Because it is illegal to advertise or offer sexual services in most of the United States, such services are sometimes advertised as "massage".
United Kingdom: Massage is popular in the United Kingdom today and gaining. There are many private practitioners working from their own premises as well as those who operate from commercial venues.
Massage in sports, business and organizations: The 1996 Summer Olympics in Atlanta was the first time that massage was offered as a core medical service.

Equipment

Massage Table

A typical commercial massage table has an easily cleaned, heavily padded surface, and a horseshoe-shaped head support that allows the client to breathe easily while lying face down and can be stationary or portable. An orthopedic pillow or bolster can be used to correct body positioning.

Massage Chair

Ergonomically designed massage chairs for positioning a person who will be receiving a massage, serve a similar function as a massage table. Chairs may be either stationary or portable models.
Massage chairs are easier for the practitioner to transport than massage tables, and clients do not need to disrobe to receive a chair massage. Due to these two factors, chair massage is often performed in settings such as corporate offices, outdoor festivals, shopping malls, and other public locations.

Oil

Many different types of oils can be used including fractionated coconut oil, grape seed oil, macadamia oil, sesame oil, pecan oil, and mustard oil. Arnica, from the flowers or leaves of the Arnica montana, may be added olive oil when used medicinally, or almond oil when used as a massage oil. Aromatherapy oils such as neroli oil and pine oil can also be mixed with carrier oils.

Mechanical aids

Electronic massage chairs are commercially available, which operate without any manual help. Lexus cars of the fourth generation LS include shiatsu and shoulder massage systems.

Massage methods

Different specialized massage methods sorted in alphabetical order.
Massage can be performed by a professional Massage Practitioner, or by other health care professionals, such as chiropractors, osteopaths, athletic trainers, and/or physical therapists. Massage therapists work in hospitals as allied health professioners, in nursing homes, sports and fitness facilities, spas, beauty salons, cruise ships, private offices, and travel to private residences or businesses.

Breema

Breema bodywork is performed on the floor with the recipient fully clothed. It consists of rhythmical and gentle leans and stretches. There are also self-Breema exercises. The essence of Breema is expressed in the Nine Principles of Harmony.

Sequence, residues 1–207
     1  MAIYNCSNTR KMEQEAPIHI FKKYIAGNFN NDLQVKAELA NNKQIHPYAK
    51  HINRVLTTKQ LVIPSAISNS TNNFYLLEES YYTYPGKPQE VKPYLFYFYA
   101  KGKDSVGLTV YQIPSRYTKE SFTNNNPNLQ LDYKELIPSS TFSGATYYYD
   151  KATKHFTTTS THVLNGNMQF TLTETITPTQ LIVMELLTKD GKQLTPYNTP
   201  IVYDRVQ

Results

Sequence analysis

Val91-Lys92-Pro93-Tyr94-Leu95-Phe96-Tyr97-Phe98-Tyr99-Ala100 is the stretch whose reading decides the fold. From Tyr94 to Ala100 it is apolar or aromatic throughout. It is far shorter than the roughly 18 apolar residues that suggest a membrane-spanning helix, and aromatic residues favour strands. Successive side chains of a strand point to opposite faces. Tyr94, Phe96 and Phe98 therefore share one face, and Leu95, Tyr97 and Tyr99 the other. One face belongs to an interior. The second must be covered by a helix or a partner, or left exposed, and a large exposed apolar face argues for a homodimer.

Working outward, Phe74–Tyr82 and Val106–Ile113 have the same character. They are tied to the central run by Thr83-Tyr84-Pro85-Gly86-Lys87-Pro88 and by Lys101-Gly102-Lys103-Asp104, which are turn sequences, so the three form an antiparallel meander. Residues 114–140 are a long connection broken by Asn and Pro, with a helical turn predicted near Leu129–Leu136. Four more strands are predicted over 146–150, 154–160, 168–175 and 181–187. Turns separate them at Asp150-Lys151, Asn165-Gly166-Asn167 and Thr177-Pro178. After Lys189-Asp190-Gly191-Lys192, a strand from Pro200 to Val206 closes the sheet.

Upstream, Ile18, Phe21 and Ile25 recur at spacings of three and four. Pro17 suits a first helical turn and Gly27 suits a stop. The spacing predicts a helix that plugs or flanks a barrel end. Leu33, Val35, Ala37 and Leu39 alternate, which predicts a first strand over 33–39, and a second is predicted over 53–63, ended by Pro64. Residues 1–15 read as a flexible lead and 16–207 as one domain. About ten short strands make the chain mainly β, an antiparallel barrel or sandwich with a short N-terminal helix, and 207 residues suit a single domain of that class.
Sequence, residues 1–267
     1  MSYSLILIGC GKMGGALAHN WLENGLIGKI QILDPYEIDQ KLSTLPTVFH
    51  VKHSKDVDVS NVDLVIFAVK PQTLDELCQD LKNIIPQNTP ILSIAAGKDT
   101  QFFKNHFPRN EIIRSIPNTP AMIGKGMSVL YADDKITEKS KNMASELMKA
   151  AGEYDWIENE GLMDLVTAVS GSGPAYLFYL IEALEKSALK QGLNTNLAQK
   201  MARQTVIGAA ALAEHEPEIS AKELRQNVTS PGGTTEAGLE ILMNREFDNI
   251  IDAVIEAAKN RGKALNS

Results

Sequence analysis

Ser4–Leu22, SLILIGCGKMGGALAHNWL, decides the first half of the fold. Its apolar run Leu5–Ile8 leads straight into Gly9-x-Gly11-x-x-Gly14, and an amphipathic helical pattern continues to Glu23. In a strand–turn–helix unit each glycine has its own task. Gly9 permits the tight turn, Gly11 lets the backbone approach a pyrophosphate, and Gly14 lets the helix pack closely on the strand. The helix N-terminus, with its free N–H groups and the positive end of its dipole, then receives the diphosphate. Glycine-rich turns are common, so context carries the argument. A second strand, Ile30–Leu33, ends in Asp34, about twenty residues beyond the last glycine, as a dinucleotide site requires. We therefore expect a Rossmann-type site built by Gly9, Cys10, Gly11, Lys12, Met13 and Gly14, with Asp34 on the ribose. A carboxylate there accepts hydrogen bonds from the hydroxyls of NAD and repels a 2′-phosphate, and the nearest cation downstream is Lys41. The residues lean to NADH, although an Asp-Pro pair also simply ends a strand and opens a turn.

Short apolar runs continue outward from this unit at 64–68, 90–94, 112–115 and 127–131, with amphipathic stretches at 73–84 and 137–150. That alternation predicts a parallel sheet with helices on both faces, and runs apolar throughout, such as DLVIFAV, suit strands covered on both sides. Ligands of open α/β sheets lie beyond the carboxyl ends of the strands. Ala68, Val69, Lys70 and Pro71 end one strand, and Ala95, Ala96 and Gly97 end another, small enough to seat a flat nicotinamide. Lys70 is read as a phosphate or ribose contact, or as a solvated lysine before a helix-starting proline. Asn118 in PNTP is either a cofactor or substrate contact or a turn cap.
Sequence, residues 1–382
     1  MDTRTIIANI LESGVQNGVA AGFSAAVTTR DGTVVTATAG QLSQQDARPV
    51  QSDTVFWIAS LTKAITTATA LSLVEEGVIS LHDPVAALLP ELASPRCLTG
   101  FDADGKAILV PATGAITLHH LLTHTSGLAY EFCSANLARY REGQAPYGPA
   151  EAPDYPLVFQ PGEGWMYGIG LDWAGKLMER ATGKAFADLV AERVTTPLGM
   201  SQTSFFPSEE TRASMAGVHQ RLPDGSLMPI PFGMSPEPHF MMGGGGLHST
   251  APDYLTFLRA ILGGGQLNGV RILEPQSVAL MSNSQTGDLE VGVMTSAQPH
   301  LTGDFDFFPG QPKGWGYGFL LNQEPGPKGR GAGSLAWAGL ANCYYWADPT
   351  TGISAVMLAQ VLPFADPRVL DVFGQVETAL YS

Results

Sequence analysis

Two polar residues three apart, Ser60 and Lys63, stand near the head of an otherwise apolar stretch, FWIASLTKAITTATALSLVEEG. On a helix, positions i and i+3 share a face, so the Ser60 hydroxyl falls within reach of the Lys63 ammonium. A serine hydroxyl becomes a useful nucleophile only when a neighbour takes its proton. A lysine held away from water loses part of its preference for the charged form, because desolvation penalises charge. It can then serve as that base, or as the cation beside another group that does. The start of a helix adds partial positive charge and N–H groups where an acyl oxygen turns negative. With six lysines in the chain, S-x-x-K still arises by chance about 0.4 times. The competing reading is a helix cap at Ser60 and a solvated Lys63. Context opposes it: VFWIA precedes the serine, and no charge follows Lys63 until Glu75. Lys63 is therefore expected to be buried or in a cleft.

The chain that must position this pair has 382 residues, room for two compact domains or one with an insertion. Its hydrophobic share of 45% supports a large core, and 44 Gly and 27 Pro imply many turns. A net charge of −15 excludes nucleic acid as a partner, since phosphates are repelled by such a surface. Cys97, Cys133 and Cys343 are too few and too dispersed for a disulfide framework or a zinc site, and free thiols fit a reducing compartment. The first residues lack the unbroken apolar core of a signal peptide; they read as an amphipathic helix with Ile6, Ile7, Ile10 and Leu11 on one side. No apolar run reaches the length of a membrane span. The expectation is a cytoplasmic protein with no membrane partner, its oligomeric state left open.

Cachunga Massage- Traditional Persian Massage

Cachunga/Ka-khn-ga (Pronunciation) Introduced to the Achaemenid Empire of ancient Persia by Darius the 8th. This is a massage that primarily focuses on the breasts of females. Cachunga is a deep tissue massage used with oil. It is based on a fondling motion, and is usually performed in the direction of the heart to promote circulation.

Chair massage

"Seated massage" (also refereed to as chair-massage), is done in a variety of diverse settings, e.g., business,corporate and clinical settings, and in public areas such as airports, shopping centers, sport clubs, and salons. A seated-massage typically lasts 10-30 minutes, and is performed while fully clothed. Seated massage is an excellent technique to use for working on the neck, shoulders and upper back areas of the body. Due to the way the individual is positioned, seated massage allows the therapist to work with the force of gravity while doing a treatment.

Champissage

Champissage or (Indian head massage) has been used in India for centuries. It combines massage with the more subtle form of chakra balancing. It is normally done by applying oil over the body. Also called 'champi' or Maalis. The word shampoo in English usage dates back to 1762, with the meaning "to massage". The word was a loan from Anglo-Indian shampoo, in turn from Hindi chāmpo (चाँपो /tʃãːpoː/), imperative of chāmpnā (चाँपना /tʃãːpnaː/), "to smear, knead the muscles, massage". It itself comes from Sanskrit/Hindi word "champā" (चम्पा /tʃəmpaː/), the flowers of the plant Michelia champaca which have traditionally been used to make fragrant hair-oil. It is often performed by the barber after a haircut on the head, shoulders, arms, and neck.